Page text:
When ‘just the facts’ are not enough

By Derek Logan, communications advisor

Misinformation is the persistent migraine of public relations professionals.  To paraphrase an old proverb, a lie is already half-way around the world while truth is still getting out of bed.

Misinformation, as defined by psychology experts, is any piece of information that is initially processed as valid but is subsequently retracted or corrected. Misinformation is not lying – that’s disinformation – but it is often incomplete, unverified from its source, and draws on previous assumptions and bias that people may already have.

Power lines: Overhead vs. Buried

An example of misinformation is related to recent public debates for and against building more overhead power lines in Alberta. Many proponents for buried power lines mention the practice of burying high voltage transmission lines is common in Scandinavian countries such as Norway.

A project team looked into the claim by contacting the Statnett, the Norwegian authority for electric Transmission infrastructure. Statnett reported 96 per cent of Norway’s transmission infrastructure was above ground. It further explained that while some European countries buried power lines in densely populated areas, outside of high density areas the transmission lines were overhead. In fact, Norwegian officials confessed they are often confronted by critics there who suggest North American utilities are now burying nearly all high voltage power lines.

The research revealed the initial claim that Norway chooses to bury most  power lines was misinformation, as it was ot backed by its source (Statnett) and based on assumptions about European practices being very different from North America.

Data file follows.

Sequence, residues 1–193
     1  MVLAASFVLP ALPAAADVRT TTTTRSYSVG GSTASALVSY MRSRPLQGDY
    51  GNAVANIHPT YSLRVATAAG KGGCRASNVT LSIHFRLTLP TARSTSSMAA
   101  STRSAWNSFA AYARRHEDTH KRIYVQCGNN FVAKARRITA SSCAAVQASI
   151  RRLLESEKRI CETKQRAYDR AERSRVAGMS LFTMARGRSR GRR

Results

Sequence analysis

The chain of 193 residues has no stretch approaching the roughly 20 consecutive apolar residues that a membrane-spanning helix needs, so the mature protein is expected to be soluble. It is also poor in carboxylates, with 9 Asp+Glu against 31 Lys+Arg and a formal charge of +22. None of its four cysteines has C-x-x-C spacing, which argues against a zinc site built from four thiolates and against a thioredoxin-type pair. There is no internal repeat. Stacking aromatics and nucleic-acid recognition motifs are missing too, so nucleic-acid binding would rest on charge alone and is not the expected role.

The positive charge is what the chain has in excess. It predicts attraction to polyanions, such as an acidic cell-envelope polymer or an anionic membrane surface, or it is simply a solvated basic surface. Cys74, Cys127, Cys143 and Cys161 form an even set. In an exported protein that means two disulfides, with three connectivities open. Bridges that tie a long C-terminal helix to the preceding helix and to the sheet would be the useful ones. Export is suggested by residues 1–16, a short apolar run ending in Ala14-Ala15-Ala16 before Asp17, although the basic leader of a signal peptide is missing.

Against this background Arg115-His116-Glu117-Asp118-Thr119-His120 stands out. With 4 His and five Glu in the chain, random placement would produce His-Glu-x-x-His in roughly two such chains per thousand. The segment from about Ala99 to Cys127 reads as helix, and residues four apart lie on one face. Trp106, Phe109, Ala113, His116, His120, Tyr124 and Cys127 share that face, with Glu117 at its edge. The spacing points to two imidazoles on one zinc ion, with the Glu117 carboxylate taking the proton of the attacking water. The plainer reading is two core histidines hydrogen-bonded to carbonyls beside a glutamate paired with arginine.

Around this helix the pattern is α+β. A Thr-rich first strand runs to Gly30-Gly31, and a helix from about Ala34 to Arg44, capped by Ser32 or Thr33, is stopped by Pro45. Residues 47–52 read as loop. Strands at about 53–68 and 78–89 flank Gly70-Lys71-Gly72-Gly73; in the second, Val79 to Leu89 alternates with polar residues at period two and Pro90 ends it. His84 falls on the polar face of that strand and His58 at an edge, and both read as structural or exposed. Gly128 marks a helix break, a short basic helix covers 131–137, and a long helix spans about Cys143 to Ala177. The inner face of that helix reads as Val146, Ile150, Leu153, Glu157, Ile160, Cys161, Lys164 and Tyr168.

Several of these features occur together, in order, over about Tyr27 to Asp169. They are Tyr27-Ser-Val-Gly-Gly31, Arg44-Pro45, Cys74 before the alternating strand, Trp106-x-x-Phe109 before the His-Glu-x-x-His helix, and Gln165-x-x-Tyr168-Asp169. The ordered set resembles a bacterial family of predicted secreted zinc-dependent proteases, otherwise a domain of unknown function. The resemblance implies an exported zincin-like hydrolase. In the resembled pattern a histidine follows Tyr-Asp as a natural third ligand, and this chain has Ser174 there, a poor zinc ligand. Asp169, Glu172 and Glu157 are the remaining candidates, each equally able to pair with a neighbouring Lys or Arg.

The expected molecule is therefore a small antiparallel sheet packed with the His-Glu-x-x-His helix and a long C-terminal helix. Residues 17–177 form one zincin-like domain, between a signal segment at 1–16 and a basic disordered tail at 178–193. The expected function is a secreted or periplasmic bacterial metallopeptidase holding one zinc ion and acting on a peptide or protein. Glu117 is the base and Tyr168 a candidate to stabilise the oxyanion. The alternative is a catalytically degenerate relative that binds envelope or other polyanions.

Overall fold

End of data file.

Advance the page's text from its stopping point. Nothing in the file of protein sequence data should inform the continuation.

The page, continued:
Why just-the-facts strategies backfire

But if misinformation falls apart under close scrutiny, why does it persist? Misinformation is not held to the same rigorous standards of verification required for proper information before being released to the public. Misinformation simply has to be first out of the gates and passed around as quickly as possible.

Once out there, as long as part of the claim is true, simple everyday human bias can do the rest. Psychology Today defines bias as tendency, a shortcut in thinking that uses past experiences, familiarity and constant reinforcement by credible sources (parents, teachers, community or religious leaders) as factors in making decisions. While biases help make everyday decisions quicker to reach, they can frustrate efforts to introduce new information to the public.

Scientific studies focused on how bias hinders acceptance of new information found three major effects:

  • Familiarity Effect – the more familiar a bias, the more likely it will be preferred over new evidence
  • Overkill Effect – the simpler the bias, the easier it is to remember than a complicated correction
  • Worldview Effect – The more new information contradicts a strongly held world view, the more likely it will be rejected

Fortunately, there are strategies that can counter bias and persuade people to be more open to new information.

Speak shalt not speak myth

Ideally, avoid stating the item you want to refute at all. People dislike contradictions and paradoxes so avoid putting two ideas side by side that are at odds with each other.

Unfortunately, the latter practice is very common. The term myth, for example, has become overused as an eye-catching headline to debunking articles. Fight the herd mentality to do this.